From the archives:
"The Nitrous Oxide Philosopher," by Dmitri Tymoczko (May, 1996)
William James's experiments with psychoactive drugs raise difficult questions about belief and its conditions.
Familiar Letters of William James, (July, August, September, 1920)
A collection of James's letters to his family, friends, and colleagues. Edited by his son, Henry James Jr.
"William James," by James Jackson Putnam (December, 1910)
An obituary written by a friend.
March 1: A United Nations treaty banning anti-personnel land mines takes effect
today for the first 40 countries to have ratified it. The treaty, known as the
Ottawa Convention, became international law in only nine months, record time;
Burkina Faso provided the necessary 40th ratification last September. Ratifying
countries must destroy their stockpiles of mines within four years and clear
all mines from their territory within 10 years. More than 90 other countries to
date have signed the treaty and await legislative action. However, neither
number includes Russia, China, or the United States, which maintains that mines
are needed in Korea to protect U.S. troops and deter invasion from the north.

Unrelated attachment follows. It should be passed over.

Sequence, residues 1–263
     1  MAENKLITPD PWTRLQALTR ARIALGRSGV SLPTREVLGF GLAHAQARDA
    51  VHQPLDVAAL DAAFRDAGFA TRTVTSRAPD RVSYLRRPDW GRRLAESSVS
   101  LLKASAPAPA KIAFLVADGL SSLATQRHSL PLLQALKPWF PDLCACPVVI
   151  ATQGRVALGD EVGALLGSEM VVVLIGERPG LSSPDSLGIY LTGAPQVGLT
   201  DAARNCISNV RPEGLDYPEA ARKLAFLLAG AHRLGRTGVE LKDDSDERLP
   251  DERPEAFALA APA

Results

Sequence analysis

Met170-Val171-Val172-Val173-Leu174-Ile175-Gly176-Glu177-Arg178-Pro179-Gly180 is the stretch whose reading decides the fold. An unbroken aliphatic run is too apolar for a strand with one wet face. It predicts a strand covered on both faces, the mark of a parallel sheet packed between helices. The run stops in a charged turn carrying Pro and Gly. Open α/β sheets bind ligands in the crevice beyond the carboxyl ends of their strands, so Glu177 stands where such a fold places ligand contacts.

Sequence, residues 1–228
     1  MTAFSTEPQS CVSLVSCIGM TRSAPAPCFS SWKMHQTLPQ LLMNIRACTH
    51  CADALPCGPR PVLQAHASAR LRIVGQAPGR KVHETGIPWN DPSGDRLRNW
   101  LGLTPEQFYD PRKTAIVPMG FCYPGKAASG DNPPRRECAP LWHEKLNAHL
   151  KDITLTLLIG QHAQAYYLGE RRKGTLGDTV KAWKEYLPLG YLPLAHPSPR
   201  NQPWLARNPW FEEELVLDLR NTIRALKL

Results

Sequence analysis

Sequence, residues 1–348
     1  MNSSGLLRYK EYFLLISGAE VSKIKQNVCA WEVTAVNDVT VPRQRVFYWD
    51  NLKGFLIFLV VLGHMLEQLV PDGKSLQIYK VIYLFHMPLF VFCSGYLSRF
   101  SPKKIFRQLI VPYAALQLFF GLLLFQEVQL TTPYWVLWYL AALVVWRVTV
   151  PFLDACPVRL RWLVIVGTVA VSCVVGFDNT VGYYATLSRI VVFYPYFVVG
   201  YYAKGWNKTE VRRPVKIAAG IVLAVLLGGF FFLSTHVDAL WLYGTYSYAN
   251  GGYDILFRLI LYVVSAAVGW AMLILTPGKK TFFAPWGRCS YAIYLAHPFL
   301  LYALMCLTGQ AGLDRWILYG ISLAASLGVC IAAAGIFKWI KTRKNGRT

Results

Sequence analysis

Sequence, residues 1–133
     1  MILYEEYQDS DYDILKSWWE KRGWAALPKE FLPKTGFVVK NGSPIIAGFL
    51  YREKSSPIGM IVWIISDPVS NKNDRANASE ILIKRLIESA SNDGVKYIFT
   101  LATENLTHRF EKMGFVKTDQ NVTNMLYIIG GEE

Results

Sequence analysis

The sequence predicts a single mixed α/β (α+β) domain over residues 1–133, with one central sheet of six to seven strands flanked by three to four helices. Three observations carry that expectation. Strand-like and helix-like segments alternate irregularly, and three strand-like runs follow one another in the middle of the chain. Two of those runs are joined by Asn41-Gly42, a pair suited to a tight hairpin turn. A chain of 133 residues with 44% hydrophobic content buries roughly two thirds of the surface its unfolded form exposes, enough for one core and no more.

100 Years Ago
William James, writing in the March, 1899, issue of The Atlantic Monthly: "In children we observe a ripening of impulses and interests in a certain determinate order. Creeping, walking, climbing, imitating vocal sounds, constructing, drawing, calculating, possess the child in succession.... Of course, the proper pedagogic moment to work in skill and to clinch the useful habit is when the native impulse is most acutely present. Crowd on the athletic opportunities, the mental arithmetic, the verse-learning, the drawing, the botany, or what not, the moment you have reason to think the hour is ripe. It may not last long; and whilst it continues you may safely let all other occupations take a second place. In this way you economize time and deepen skill; for many an infant prodigy, artistic or mathematical, has a flowering epoch of but a few months."
Illustrations by John S. Dykes
Copyright © 1999 by The Atlantic Monthly Company. All rights reserved.
The Atlantic Monthly; March 1999; The March Almanac; Volume 283, No. 3; page 16.